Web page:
Medicare vs. Medicaid:
Which Pays for What & How Do They Relate to Long Term Care?
Medicare and Medicaid are two government entitlement programs many Americans misunderstand or misinterpret, especially as they relate to skilled nursing care. Each program is commonly mistaken for the other; or, many are simply unsure of what each program is designed to do and how each program works.
What is Medicare?
Medicare is a federal health insurance program for the elderly and disabled. It is meant to cover medical expenses for individuals over the age of 65, as well as individuals with certain disabilities or conditions under the age of 65. Like any other health insurance plan, the insured is responsible for any services not covered under Medicare as well as being responsible for any applicable deductible.
How Does Medicare Relate to Long-Term Care?
Medicare Part A will cover up to 100 days of coverage in a skilled nursing facility if the patient was admitted to a hospital for at least 3 days and entered the skilled nursing facility within 30 days. Though Medicare will cover up to 100 days of stay, it is important to note it will not cover all expenses associated with this stay. Medicare will fully cover the first 20 days of the patient’s stay, and will only partially cover the remaining 80 days. Therefore, the patient is still likely to incur large out-of-pocket costs during this time.
Practically speaking, Medicare coverage is not guaranteed after three days if the patient is not classified as in-patient for those three days. Furthermore, Medicare rarely pays for the partial coverage for the remaining 80 days since it is unlikely that patient will still be “recovering”. Please contact our firm if you have any questions about this as soon as possible after a loved one has been admitted to the hospital.
In short, Medicare actually does not relate to long-term care at all. Medicare provides limited coverage to those entering a skilled nursing facility for the purpose of rehabilitation.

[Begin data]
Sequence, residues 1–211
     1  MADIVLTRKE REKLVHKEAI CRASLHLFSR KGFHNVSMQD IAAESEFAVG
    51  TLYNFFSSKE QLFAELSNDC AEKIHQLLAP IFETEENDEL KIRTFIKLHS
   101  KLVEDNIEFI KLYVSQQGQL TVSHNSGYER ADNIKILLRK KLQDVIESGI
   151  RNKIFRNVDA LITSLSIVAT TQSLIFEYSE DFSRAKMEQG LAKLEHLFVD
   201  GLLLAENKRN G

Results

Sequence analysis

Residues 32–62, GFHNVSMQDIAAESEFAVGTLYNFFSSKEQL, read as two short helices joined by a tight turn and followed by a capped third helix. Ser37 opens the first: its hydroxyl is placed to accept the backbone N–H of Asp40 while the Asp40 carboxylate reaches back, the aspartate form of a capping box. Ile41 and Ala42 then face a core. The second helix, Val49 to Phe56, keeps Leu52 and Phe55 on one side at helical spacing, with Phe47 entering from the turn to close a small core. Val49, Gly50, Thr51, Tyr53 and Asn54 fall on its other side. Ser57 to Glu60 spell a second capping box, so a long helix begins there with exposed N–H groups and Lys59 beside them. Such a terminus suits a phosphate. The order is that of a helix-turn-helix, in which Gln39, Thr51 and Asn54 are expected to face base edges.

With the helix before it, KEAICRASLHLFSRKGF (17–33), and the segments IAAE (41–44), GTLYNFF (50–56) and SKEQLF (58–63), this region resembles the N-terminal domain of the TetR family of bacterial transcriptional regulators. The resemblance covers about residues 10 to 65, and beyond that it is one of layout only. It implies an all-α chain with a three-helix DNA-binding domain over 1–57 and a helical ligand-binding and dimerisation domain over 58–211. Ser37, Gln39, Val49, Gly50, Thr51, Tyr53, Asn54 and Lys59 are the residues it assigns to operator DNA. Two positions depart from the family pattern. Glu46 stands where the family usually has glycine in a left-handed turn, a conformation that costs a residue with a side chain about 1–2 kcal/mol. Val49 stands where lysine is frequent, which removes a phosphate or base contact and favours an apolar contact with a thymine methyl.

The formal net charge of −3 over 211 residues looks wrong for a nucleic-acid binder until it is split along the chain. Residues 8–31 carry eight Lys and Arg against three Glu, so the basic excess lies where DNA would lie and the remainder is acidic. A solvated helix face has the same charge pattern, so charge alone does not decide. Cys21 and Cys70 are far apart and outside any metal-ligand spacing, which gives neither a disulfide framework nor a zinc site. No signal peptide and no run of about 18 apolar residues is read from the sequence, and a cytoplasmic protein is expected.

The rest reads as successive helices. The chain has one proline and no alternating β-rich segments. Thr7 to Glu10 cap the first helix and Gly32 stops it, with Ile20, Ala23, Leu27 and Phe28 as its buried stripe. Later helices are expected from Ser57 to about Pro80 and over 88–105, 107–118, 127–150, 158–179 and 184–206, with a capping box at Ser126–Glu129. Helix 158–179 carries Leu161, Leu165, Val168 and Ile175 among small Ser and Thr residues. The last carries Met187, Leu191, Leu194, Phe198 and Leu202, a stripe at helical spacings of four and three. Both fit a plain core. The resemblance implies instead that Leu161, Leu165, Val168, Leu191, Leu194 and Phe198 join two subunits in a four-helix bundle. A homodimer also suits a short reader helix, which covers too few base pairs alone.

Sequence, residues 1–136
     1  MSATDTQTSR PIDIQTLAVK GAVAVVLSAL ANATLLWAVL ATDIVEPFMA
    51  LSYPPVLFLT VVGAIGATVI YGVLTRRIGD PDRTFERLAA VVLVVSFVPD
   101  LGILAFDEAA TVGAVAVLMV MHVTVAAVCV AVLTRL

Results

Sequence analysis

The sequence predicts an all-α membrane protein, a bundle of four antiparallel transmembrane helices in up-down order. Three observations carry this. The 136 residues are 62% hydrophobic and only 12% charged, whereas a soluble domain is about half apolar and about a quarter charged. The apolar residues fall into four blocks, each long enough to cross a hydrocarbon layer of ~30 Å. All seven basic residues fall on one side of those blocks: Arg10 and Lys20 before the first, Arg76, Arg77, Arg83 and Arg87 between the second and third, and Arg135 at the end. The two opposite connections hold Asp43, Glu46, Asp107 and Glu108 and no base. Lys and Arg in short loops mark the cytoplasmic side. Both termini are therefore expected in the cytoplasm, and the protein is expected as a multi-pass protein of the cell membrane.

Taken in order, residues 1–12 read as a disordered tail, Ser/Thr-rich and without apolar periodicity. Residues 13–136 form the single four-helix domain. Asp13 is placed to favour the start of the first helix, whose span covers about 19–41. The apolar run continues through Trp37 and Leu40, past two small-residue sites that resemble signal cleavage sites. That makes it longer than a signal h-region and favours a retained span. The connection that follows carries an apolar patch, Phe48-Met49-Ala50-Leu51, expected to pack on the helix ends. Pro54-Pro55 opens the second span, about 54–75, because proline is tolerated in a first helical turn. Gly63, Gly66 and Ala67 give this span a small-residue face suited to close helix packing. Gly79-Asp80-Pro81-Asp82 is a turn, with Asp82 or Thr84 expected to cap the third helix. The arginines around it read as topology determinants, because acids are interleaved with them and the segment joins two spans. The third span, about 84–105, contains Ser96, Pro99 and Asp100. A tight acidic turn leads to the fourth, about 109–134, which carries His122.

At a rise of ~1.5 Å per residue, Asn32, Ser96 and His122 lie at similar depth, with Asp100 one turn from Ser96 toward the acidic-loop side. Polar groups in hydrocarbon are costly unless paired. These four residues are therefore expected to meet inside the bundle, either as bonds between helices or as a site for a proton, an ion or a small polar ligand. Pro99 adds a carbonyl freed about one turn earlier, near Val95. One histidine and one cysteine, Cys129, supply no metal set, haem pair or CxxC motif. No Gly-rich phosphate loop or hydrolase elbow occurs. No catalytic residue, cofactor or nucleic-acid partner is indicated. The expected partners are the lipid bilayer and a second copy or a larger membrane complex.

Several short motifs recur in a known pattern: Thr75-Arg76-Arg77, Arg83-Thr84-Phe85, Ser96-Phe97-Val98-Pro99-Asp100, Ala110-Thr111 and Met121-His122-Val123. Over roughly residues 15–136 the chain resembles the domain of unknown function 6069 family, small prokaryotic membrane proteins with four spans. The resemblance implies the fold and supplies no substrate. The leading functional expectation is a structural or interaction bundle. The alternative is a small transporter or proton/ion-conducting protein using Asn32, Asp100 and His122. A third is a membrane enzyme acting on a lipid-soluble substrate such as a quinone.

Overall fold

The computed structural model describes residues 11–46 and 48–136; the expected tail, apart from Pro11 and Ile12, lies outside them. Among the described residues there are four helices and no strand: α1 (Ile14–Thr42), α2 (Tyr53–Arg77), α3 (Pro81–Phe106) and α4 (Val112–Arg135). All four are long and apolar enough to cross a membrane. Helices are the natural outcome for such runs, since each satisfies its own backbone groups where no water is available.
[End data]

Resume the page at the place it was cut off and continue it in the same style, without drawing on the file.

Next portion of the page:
What is Medicaid?
Medicaid is a jointly-funded federal and state program meant to provide medical coverage to those in financial need, regardless of age. Each state administers its own Medicaid program and each state employs its own qualifications for Medicaid eligibility, however, in general, eligibility relies on the individual’s income and total assets.
Medicaid is designed to cover a wide variety of medical expenses for those who qualify. This applies to individuals of all ages, including, but not limited to, the blind, the disabled, the elderly, individuals under the age of 19, women who are pregnant, and families with children. Medicaid is not strictly meant for those over the age of 65 or those who are disabled like Medicare is designed for.
How Does Medicaid Relate to Long-Term Care?
Medicaid will pay for long-term care costs for the elderly, blind, and disabled in a Medicaid-approved facility. There is no expiration on this coverage, so long as the Medicaid applicant remains within the parameters of eligibility. Many states have various waiver programs which can allow for an eligible individual to receive Medicaid benefits while residing in an assisted living facility or participating in an at-home care program. Therefore, some states may offer a wider variety of Medicaid-approved facilities than simply skilled nursing facilities.
In order to qualify financially for Medicaid, individuals must have nominal asset levels ($2,000 or less in most states), and married couples must have assets levels below the Community Spouse Resource Allowance – a figure that varies greatly between states, but is generally capped at $119,220.00. Additionally, the person receiving the benefit must not have income over the cost of care at the facility. This often leads to a great fear or uncertainty of Medicaid. Potential applicants are fearful of losing their life savings by trying to qualify for benefits – but also know they will lose their life savings paying the nursing home bill if they do nothing.
This is where DelCotto Law Group can help by using asset preservation and long-term care planning techniques to enable you to maintain the lifestyle to which you are accustomed while assisting in protecting hard earned assets.